Dear Anne | Read-A-Long Diaries

This, ladies and gentlemen, is a contribution to the brilliant Read-A-Long Diaries Event; if you haven't read The Diary of a Young Girl yet, or would like to go again along with other people so you can discuss, remember to use #readalongdiaries on Twitter and Instagram! I'd check out Ely and Inge's blogs too - they've worked so hard to organise this, and it really is amazing, so make sure you stop by and say hi.
(Ely made this banner. She said I could steal it.)
Dear Anne,

I have often wondered what it is about you that makes your story so inspiring, that has allowed it to survive through the generations even when you didn't. Don't get me wrong: I'm glad it did. I'm glad that, through your diary, we've been able to recognise all the pain and sacrifice Holocaust victims suffered just so they could try to maintain a normal life.

But why you? Why did your voice get heard above the millions of others who died?

Of course you went through terrible, heart-wrenching things, but those people did too. Your beliefs and behaviours were ripped apart, changed almost completely by these terrible things - but lots of people felt their beliefs change during the war. I see all this, all these similarities that could arguably make you just one of many, and yet there's no way I can deny the unique effect your words had on me and other people around the world.
"And all I really want is to be an honest-to-goodness teenager!" ~ Anne Frank, The Diary of a Young Girl
Maybe it's because you were so young. It's one thing to have gone through the Holocaust as a child and write about it as an adult, like Elie Wiesel did with Night (another beautiful book that had me in tears, but in a very different way), but to write down those thoughts as you had them, without the filter of experience or regret? That, to me, created something entirely different, something raw and unapologetic. However you want to put it, Anne, you did go into that Annexe seeped in innocence. What made your diary so moving is that I could see first-hand as that innocence got stripped away by the horrors of persecution. Because it was logged day to day, I barely noticed at first - I doubt you did, either - but as soon as I really thought about it? The Anne on Page 283 was the same girl, but almost unrecognisable to the girl on Page 1.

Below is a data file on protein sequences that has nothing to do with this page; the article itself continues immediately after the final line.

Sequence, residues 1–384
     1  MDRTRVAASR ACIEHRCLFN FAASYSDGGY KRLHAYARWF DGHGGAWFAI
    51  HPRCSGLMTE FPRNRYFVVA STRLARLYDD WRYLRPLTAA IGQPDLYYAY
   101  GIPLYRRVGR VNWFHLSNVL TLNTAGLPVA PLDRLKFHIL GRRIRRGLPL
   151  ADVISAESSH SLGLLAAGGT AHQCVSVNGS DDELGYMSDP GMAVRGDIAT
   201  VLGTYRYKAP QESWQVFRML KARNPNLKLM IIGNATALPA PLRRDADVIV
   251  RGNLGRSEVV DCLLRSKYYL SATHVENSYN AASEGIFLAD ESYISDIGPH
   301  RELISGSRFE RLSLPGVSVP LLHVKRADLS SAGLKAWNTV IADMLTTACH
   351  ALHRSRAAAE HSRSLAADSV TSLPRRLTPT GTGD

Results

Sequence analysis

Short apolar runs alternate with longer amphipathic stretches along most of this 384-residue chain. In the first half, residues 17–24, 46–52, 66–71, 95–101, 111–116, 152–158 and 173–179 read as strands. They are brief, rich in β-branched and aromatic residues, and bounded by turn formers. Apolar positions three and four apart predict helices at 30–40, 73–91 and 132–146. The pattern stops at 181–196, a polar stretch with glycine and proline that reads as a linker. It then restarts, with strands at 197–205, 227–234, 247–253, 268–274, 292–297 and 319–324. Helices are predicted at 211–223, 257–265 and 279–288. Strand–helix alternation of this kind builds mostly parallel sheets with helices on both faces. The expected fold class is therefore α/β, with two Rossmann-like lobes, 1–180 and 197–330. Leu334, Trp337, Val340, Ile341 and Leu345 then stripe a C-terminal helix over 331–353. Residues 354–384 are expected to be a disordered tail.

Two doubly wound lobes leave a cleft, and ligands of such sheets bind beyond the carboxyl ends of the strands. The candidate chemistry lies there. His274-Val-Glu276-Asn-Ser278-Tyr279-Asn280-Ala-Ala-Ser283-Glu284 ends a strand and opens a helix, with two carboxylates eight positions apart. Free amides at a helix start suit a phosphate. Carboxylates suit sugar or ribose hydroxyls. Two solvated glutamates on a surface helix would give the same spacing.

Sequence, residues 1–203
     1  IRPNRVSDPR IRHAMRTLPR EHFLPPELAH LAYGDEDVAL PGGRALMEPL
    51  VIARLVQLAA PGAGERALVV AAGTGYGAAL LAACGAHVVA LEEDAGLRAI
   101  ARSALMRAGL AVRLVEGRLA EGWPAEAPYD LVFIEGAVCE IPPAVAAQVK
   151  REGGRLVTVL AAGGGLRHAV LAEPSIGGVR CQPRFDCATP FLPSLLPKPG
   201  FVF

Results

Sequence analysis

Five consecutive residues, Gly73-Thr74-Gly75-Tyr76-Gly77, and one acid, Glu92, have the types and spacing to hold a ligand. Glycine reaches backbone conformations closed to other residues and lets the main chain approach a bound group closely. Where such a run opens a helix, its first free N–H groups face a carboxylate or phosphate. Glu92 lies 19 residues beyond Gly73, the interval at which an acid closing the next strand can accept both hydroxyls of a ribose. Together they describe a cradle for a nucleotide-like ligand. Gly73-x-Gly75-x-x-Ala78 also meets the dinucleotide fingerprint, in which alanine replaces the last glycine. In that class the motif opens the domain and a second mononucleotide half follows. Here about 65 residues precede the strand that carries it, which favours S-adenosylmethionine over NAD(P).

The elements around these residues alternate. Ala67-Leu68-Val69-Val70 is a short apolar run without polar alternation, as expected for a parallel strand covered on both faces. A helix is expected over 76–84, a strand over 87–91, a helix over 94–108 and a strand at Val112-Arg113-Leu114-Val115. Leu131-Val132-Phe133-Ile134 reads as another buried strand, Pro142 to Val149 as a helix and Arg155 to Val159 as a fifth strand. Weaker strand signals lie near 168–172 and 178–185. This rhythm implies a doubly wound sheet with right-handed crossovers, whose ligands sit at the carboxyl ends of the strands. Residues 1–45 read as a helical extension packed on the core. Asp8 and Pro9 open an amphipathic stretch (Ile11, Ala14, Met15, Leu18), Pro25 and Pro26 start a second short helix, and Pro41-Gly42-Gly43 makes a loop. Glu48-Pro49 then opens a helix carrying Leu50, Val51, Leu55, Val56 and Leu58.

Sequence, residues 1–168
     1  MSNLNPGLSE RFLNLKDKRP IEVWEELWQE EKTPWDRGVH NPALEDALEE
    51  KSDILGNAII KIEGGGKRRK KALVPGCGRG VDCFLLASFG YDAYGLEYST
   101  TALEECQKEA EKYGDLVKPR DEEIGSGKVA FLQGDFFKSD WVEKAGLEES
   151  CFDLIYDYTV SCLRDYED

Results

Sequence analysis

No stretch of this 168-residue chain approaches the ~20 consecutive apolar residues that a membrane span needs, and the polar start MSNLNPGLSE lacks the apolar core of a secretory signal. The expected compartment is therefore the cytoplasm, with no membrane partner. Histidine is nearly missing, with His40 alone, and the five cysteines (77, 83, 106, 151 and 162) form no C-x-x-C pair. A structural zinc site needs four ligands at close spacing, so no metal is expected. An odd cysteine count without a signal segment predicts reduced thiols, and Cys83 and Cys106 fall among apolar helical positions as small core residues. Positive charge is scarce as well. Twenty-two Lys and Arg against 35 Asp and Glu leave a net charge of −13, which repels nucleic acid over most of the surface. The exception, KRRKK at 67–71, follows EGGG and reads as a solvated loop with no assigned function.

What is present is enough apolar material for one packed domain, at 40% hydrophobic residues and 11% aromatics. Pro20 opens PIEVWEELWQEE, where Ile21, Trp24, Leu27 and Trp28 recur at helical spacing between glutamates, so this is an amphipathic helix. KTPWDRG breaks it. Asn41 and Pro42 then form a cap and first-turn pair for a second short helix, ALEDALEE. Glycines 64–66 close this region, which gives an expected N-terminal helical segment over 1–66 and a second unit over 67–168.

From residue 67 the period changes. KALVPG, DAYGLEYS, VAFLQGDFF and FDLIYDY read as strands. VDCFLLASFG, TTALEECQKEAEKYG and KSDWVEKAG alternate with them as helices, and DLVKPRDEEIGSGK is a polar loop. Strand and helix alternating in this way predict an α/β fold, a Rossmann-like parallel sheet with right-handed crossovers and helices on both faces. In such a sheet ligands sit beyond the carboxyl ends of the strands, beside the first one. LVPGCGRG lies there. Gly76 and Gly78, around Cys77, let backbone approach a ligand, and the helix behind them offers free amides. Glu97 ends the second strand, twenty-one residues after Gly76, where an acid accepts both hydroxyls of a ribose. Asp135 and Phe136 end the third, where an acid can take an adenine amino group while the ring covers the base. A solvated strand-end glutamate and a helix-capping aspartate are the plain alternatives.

If that makes any sense whatsoever. I think it does, just about.

“It's really a wonder that I haven't dropped all my ideals, because they seem so absurd and impossible to carry out. Yet I keep them, because in spite of everything, I still believe that people are really good at heart.” ~ Anne Frank, The Diary of a Young Girl
Maybe it's because, even as that situation stripped away your innocence and your thirteen-year-old self, you held on to her morals. It would have been completely understandable for you to become bitter and unbelieving after all you had to suffer: many of the strongest did, after all. That wouldn't have been wrong. But what made your story inspiring as well as heartbreaking was that you stubbornly refused to let go of your ideals.
"I'd like to spend all my time writing, but that would probably get boring." ~ Anne Frank, The Diary of a Young Girl
Maybe - and this thought is very specific to me, I suppose - it's because you were a writer. I can relate to those endless hours attempting to scratch out something of worth, and look up to how organic your words are, how it's more like you're thinking on the page than actually writing. I hope even non-writers can understand what it's like to find release in something, to want to do it every second of every day until it almost takes you over. The joy and frustration and fascination . . . it seeps through the pages, and it's so inspiring that you managed to follow your dreams even cooped up like that for so long. I guess I must be able to at least try, if you did.